In the time since Europeans realized Columbus had not, in fact, landed in India, the West has mostly referred to the Americas as the New World. Based on certain discoveries in geology, of relatively recent fossils, and of species still alive, it may be more accurate to say that the Americas are a very -old- world. The longleaf pine scrublands of the American South, for example, are straight out of the Jurassic period apart from the presence of grasses - few to no flowering trees, sparse ground cover, and a tendency to catch fire. It is these, not the lush deciduous jungles of Jurassic Park, that most resembled the places where Diplodocus and Allosaurus roamed. The Americas are also home to a curious number of horsetails, ferns, and cycads not much changed since the Palaeozoic era. In this they have much in common with the remoter parts of Africa, Australia, and New Zealand - all places where conditions we normally perceive as vanished tens of millions of years ago persist to the present day. It calls to mind the Lost World story trope first spawned by discoveries of these places by American and European explorers in the 1800s, perfected by HP Lovecraft in "At the Mountains of Madness," and brought out of retirement for a last hurrah by Michael Crichton in his dinosaur books.
I suspect the common thread here is that these places were largely untouched by the hand of human civilization until the 19th century, and that the species found exclusively in these "lost worlds," or their oceanic equivalents where nautili and coelocanths swim, is that they are less tolerant of change than others. Many of them are feeble, or fragile, or simply slower to reproduce than the hardier species common to areas longer inhabited by man.
This in turn is a nice little pocket sized proof of natural selection, and mankind's current role as the agent of that selection. There may not be a bearded Zeus or YHVH scowling down from the clouds and hurling lightning at those men who lose their favor, but it does restore a little scientific rigor to the ancient belief that man is master of this planet, and fated to remake it in his image, as well as the less ancient belief in linear progression of history (which in many cases is just Protestant Christianity with the serial numbers filed off). Both of these basically assume that civilization arose first in the Middle East and radiated outwards from there, which is suspiciously convenient for other narratives adherents of those beliefs often push. Instead, it's more likely that civilizations first arose in the now-drowned coastal lands of the late Pleistocene, and even the most ancient ruins above ground today are merely representatives of colonies, or of received traditions, from places submerged since the Younger Dryas flooding event in roughly 9600 BCE.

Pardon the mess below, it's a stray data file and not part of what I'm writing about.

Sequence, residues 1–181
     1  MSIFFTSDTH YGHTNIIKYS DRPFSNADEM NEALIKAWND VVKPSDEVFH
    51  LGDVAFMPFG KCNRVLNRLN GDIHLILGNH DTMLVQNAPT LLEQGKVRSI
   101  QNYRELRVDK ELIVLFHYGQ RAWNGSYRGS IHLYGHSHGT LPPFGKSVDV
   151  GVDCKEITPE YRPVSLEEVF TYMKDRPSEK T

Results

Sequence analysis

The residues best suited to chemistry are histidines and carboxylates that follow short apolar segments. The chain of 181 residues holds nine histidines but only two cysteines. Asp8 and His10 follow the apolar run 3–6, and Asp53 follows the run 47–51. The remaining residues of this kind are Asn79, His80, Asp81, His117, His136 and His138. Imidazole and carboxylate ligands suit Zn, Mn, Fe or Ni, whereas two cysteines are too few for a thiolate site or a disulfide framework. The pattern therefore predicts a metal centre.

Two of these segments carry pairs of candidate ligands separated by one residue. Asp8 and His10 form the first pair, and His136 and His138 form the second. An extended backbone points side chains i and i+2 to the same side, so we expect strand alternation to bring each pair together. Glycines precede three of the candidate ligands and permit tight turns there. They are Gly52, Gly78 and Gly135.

At any rate, the horsetails and ferns growing in my back yard give that part of it a distinctly Permian or Triassic feel, so I'm going to put some little dinosaur models in amongst them to give the neighborhood children a surprise palaeontology lesson.